September, 6, 2011

After months of waiting, the final rule for the Commonwealth of the Northern Mariana Islands Transitional Worker Classification was finally released today for inspection.

Foreign workers should remember that DHS has no authority under the CNRA (U.S. P.L. 110-229) to establish an immigration classification. Only the U.S. Congress can enact laws to upgrade the foreign workers to permanent residency status and a pathway to citizenship. That is why it is so important to have Congress introduce legislation that would provide all legal, long-term foreign workers with an immigration status under the existing Immigration and Nationality Act (INA).  H.R. 1466  proposes to grant a new "CNMI-only status" to only one-quarter or 4,000 of the estimated 16,000 legal, long-term foreign workers, excluding 12,000 because they have no U.S. citizen immediate relative family member.

The document states: "The CW classification is intended to provide for an orderly transition from the CNMI permit system to the U.S. Federal immigration system under the immigration laws of the United States, including the Immigration and Nationality Act (INA). This final rule implements the CW classification and establishes that a CW transitional worker is an alien worker who is ineligible for another classification under the INA and who performs services or labor for an employer in the CNMI during the five-year transition period. CNMI employers may now petition for such workers. The rule also establishes employment authorization incident to CW status."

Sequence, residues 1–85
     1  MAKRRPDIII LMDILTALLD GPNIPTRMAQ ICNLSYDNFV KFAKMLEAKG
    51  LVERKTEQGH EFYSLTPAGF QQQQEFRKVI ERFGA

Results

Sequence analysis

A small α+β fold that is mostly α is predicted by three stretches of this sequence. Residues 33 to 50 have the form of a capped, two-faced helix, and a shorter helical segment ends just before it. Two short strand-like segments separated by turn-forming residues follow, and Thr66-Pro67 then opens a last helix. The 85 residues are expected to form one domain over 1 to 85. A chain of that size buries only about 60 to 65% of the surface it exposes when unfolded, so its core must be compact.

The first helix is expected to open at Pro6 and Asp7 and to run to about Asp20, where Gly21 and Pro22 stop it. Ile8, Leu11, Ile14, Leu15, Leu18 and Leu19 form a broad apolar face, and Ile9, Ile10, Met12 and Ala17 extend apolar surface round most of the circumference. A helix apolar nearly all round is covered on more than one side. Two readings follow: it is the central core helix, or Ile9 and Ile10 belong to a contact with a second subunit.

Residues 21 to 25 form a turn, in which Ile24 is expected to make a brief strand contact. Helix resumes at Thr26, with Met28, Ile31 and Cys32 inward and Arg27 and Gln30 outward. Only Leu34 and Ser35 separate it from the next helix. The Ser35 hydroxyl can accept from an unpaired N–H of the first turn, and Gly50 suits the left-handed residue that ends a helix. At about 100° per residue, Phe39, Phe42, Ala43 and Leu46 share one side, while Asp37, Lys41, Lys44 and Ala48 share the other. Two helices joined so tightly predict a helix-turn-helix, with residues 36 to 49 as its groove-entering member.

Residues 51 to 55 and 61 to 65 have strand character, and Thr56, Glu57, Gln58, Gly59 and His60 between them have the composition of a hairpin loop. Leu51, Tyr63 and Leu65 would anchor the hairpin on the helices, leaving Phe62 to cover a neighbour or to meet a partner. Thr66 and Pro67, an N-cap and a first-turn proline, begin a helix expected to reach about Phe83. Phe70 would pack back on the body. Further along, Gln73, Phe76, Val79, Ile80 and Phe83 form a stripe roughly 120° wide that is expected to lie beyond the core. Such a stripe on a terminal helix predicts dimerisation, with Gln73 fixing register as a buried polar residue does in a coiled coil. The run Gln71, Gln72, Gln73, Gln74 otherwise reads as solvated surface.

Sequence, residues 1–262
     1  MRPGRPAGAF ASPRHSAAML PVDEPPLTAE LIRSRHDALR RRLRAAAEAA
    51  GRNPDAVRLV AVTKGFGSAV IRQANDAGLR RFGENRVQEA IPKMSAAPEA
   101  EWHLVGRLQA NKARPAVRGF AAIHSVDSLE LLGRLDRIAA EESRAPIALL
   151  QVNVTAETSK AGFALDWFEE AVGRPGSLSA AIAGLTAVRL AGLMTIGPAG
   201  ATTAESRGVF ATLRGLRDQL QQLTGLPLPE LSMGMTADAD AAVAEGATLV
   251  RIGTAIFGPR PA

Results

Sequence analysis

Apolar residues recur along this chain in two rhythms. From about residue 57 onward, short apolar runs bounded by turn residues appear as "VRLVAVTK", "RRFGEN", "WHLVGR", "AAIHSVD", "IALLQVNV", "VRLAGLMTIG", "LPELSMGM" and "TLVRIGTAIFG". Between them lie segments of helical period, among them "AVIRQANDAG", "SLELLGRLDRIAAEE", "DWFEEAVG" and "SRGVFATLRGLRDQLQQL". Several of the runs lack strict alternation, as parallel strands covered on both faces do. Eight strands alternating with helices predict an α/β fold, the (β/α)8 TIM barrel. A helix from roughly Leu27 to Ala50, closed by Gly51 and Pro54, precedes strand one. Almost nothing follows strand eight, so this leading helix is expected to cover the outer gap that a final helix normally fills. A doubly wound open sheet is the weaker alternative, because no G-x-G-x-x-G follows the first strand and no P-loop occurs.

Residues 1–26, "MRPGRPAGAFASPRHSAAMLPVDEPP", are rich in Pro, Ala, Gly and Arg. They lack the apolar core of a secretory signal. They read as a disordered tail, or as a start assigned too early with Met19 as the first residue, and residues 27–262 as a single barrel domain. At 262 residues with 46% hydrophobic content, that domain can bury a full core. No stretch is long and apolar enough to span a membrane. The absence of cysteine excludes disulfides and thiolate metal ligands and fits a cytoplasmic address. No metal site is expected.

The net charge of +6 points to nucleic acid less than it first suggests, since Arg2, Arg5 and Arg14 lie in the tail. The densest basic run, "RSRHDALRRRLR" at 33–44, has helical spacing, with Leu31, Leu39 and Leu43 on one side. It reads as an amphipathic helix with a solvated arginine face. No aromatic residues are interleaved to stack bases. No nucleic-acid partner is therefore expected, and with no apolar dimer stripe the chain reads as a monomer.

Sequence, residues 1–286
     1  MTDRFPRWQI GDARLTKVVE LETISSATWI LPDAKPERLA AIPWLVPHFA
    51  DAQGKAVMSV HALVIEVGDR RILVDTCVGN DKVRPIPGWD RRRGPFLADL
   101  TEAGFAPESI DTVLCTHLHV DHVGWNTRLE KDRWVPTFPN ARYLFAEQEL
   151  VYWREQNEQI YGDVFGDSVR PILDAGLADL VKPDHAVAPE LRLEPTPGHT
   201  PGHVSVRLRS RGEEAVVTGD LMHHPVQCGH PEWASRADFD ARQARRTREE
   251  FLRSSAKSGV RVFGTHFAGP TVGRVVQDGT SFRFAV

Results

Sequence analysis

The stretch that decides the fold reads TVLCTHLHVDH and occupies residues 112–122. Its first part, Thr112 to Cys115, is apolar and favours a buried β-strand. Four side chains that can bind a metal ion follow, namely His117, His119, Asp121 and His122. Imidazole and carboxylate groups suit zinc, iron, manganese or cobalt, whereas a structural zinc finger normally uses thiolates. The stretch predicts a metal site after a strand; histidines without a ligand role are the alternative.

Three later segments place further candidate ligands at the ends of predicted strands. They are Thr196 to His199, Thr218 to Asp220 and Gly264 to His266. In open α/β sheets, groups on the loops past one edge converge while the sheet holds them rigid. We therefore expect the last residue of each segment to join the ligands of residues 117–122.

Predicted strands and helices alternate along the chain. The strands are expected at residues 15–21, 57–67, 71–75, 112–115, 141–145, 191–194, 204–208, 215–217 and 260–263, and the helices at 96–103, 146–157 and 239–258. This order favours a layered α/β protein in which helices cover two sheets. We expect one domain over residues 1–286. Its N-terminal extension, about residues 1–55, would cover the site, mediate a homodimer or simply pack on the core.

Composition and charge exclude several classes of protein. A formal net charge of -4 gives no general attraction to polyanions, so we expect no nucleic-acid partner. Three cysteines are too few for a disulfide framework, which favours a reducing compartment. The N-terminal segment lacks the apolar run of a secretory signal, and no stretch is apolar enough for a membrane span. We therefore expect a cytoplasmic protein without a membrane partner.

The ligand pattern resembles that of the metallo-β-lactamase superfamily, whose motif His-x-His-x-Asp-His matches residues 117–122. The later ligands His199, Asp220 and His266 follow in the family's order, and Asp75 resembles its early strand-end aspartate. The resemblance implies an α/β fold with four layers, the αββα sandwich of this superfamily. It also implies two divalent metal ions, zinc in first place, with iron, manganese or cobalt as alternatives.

The rules are basically the same ones that were published in October 2009, with some more discretion allowed for USCIS. Most changes are clarifications of terms.

The original rules were delayed as a result of a lawsuit filed by Governor Benigno Fitial in an attempt to block federalization of the CNMI's immigration laws, as noted in the text of the final rule: "DHS has complied with the injunction by declining to accept any petition for CW classification under the interim rule or otherwise to implement the interim rule."

Highlights of the changes from the interim to the final rule summarized in the final rule are:
  • The final rule clarifies the authority and process by which applicants in the CNMI can be granted CW-1 or CW-2 status in the CNMI without having to travel abroad to obtain a nonimmigrant visa. 
  • The final rule describes how beneficiaries of approved employer petitions and their dependents (spouses and minor children) may obtain CW status. Principal beneficiaries and their dependents outside the CNMI will be instructed to apply for a visa. For principal beneficiaries within the CNMI, the petition itself (including the biometrics provided under new 8 CFR 214.2(w)(15)) serves as the application for CW-1 status.